Dinner and a show
Updated: Sep 29
The Spitz were out on the town on Thursday night, after receiving two separate invitations from funders.
Armourers and Brasiers Gauntlet Trust Subscription Supper
The Spitz received a grant from the Armourers and Brasiers Trust* this year and as a recipient of funding, we were invited, alongside other Small Charity Partners, to a beautiful dinner, drinks, and evening learning about charitable causes.
The Armourers and Brasiers Company was founded in 1322 as the guild overseeing the production of armour and has had its home at the beautiful, Grade II listed Armourers Hall since that time. I had never been somewhere so grand, and after speaking with one member, will always remember to:
“Look up and around as you walk the streets of London.
There are so many treasures in this city
which we miss with our busy lifestyles.”
During the drinks reception, I spoke with other Small Charity Partners and company members who were interested in the work of The Spitz. It was especially interesting to meet those from similar organisations, such as representatives of Changing Tunes, who use the power of live music to help people lead crime-free lives.
I was seated at the Master’s table for dinner, among “Venerables” who helped me to navigate my way around the numerous different knives, forks, plates and glasses for the different courses as we enjoyed a delicious meal while discussing the work of the various charities in attendance.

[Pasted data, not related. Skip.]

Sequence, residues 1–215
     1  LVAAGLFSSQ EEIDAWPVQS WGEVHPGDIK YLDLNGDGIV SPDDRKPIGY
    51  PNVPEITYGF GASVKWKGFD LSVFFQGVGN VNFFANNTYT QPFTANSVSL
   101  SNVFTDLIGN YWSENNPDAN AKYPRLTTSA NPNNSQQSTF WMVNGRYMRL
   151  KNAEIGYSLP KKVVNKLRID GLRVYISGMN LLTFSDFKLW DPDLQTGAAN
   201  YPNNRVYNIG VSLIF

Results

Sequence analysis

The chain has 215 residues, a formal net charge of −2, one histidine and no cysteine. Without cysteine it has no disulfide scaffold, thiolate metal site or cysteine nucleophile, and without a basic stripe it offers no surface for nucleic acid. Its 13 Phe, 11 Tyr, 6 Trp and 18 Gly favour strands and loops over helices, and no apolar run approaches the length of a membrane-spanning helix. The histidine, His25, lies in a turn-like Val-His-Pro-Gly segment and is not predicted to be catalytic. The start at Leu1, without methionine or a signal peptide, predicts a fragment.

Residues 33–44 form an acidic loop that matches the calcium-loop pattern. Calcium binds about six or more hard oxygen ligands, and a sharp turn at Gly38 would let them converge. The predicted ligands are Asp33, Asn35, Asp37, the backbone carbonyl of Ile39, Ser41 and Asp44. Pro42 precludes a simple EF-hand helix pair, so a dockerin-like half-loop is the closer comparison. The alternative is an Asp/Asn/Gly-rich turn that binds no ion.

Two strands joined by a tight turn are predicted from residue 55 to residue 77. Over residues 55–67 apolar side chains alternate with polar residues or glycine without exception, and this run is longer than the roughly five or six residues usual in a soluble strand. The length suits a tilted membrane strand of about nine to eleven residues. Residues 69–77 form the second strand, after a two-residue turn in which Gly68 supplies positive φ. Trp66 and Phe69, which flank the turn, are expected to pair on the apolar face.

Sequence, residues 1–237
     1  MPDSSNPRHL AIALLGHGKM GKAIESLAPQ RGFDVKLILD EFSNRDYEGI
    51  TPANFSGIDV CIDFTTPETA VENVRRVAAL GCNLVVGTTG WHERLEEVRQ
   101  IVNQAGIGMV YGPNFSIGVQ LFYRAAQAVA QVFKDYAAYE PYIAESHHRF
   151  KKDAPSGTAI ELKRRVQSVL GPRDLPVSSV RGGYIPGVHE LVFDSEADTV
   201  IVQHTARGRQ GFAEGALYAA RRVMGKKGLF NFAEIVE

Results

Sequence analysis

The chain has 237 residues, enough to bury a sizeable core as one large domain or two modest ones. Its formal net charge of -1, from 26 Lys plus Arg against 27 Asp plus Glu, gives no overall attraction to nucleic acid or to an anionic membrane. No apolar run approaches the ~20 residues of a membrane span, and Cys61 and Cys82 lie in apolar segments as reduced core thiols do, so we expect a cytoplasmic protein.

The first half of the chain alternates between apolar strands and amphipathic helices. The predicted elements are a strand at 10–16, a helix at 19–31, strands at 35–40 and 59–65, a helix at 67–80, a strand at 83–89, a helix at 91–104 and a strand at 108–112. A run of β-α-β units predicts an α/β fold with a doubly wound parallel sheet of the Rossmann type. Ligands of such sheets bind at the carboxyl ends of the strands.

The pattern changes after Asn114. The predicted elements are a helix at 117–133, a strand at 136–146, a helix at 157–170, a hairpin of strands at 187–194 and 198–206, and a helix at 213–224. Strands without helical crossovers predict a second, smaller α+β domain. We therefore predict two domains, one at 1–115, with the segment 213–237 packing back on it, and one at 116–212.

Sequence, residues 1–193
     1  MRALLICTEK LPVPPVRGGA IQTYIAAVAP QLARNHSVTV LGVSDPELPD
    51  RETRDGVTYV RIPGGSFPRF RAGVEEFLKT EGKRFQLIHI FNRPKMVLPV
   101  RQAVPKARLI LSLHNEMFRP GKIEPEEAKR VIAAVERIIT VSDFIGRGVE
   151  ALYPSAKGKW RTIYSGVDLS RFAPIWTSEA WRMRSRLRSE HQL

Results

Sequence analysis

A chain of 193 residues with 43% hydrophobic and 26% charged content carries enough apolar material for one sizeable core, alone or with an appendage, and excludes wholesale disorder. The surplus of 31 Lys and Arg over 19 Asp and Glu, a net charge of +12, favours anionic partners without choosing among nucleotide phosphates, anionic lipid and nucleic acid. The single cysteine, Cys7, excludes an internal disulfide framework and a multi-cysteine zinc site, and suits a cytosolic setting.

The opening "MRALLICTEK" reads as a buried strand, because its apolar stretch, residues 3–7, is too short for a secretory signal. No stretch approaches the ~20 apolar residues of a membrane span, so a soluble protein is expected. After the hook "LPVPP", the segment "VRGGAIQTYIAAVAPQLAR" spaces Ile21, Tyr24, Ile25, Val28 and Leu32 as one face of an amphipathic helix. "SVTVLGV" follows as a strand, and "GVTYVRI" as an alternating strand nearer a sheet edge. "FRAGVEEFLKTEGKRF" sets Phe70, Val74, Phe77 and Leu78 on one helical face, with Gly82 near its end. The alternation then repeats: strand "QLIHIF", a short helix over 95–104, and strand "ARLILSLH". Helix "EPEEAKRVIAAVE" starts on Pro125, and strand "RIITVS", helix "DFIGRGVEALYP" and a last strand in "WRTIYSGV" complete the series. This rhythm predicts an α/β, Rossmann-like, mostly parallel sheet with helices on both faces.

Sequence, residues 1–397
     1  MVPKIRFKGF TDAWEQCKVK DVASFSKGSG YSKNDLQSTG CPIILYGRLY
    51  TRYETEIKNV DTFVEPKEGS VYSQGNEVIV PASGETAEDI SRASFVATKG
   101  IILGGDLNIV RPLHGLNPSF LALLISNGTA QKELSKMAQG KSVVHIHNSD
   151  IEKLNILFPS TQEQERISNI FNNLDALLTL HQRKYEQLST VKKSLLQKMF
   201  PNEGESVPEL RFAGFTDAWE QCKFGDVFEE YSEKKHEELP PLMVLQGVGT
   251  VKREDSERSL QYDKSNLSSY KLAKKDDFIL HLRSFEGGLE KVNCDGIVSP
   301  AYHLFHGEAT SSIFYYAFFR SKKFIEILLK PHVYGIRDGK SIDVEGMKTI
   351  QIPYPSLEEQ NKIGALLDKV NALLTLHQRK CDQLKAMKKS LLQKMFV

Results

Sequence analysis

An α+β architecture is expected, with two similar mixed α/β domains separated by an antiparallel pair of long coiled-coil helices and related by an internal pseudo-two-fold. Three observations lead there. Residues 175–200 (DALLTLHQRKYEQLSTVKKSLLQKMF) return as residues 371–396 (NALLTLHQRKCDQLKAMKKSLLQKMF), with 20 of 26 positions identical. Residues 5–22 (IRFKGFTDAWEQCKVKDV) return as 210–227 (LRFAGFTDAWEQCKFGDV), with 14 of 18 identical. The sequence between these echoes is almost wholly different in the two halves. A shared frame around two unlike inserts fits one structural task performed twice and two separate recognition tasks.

* The Armourers and Brasiers Company is one of the 111 Livery companies dating back many hundreds of years in the City of London and which form an important and fascinating part of the history of the city. Those working in the same craft would often live and work near each other, grouping together to regulate competition within their trade and maintain high standards.
In Other Words
Across town, Jane Glitre and Thom Rowlands (Spitz Founding Director and General Manager) attended a performance of Matthew Seager's play In Other Words at the Arcola Theatre in Dalston. The play explores the relationship between a married couple as one of them develops Alzheimer's and the part music plays in their relationship. The play was supported by the Utley Foundation who have been strong supporters of and advocates for The Spitz over recent years.
After the performance, there was a Q&A with the two-person cast (including Matthew Seager, who plays the male lead role, Arthur) and Sarah Metcalfe (managing director of the Utley Foundation). This was followed by an opportunity to meet and chat with other invitees, including representatives other music charities, music therapists, care home managers, film makers and funders.
Without doing any spoilers, we can say that within the narrative of the story, Frank Sinatra's Fly Me To The Moon is a constant refrain. It was the first song that the couple danced to and became 'their song' throughout their relationship. As Arthur's condition worsens, this song is able to calm him when he becomes confused or agitated.
It felt to us that the implication was that anyone who develops forms of dementia just needs to find their 'magic' song, that will bring them back to themselves. While this a comforting premise, it has not been our experience. We have found that if a care home resident does have a meaningful or favourite song, this may bring a smile or some tears one day but may produce no discernible reaction the next. We also find that those with dementia can retain their curiosity and we enjoy introducing them to new styles of music or songs they may not have ever known. Our approach seeks to keep stimulating and challenging beneficiaries with as wide a range of music as possible.
In Other Words is heartwarming and heartbreaking in equal measure with superb performances from Seager and his on-stage partner, played by Leanne Harvey. The play runs until 30th September so grab your tickets now!